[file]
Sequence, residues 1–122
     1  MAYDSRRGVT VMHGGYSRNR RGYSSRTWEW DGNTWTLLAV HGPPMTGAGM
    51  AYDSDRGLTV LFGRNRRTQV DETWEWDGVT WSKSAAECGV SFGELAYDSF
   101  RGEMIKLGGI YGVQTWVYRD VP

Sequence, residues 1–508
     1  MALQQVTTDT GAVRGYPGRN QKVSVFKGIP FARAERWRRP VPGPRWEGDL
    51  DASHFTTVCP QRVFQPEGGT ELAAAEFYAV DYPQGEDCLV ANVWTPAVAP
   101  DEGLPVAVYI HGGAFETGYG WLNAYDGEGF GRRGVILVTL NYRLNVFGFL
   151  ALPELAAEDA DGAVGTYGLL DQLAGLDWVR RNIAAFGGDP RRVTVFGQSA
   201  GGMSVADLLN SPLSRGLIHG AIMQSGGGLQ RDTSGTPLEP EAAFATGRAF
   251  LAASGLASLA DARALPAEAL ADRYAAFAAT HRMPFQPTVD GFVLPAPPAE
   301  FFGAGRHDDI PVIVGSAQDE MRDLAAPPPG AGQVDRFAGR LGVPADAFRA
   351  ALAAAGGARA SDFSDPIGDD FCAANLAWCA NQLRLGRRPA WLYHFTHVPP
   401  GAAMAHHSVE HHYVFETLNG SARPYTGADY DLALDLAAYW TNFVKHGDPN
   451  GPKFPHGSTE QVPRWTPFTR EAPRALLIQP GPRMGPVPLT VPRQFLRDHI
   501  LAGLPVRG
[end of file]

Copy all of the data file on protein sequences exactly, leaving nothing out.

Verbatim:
Sequence, residues 1–122
     1  MAYDSRRGVT VMHGGYSRNR RGYSSRTWEW DGNTWTLLAV HGPPMTGAGM
    51  AYDSDRGLTV LFGRNRRTQV DETWEWDGVT WSKSAAECGV SFGELAYDSF
   101  RGEMIKLGGI YGVQTWVYRD VP

Sequence, residues 1–508
     1  MALQQVTTDT GAVRGYPGRN QKVSVFKGIP FARAERWRRP VPGPRWEGDL
    51  DASHFTTVCP QRVFQPEGGT ELAAAEFYAV DYPQGEDCLV ANVWTPAVAP
   101  DEGLPVAVYI HGGAFETGYG WLNAYDGEGF GRRGVILVTL NYRLNVFGFL
   151  ALPELAAEDA DGAVGTYGLL DQLAGLDWVR RNIAAFGGDP RRVTVFGQSA
   201  GGMSVADLLN SPLSRGLIHG AIMQSGGGLQ RDTSGTPLEP EAAFATGRAF
   251  LAASGLASLA DARALPAEAL ADRYAAFAAT HRMPFQPTVD GFVLPAPPAE
   301  FFGAGRHDDI PVIVGSAQDE MRDLAAPPPG AGQVDRFAGR LGVPADAFRA
   351  ALAAAGGARA SDFSDPIGDD FCAANLAWCA NQLRLGRRPA WLYHFTHVPP
   401  GAAMAHHSVE HHYVFETLNG SARPYTGADY DLALDLAAYW TNFVKHGDPN
   451  GPKFPHGSTE QVPRWTPFTR EAPRALLIQP GPRMGPVPLT VPRQFLRDHI
   501  LAGLPVRG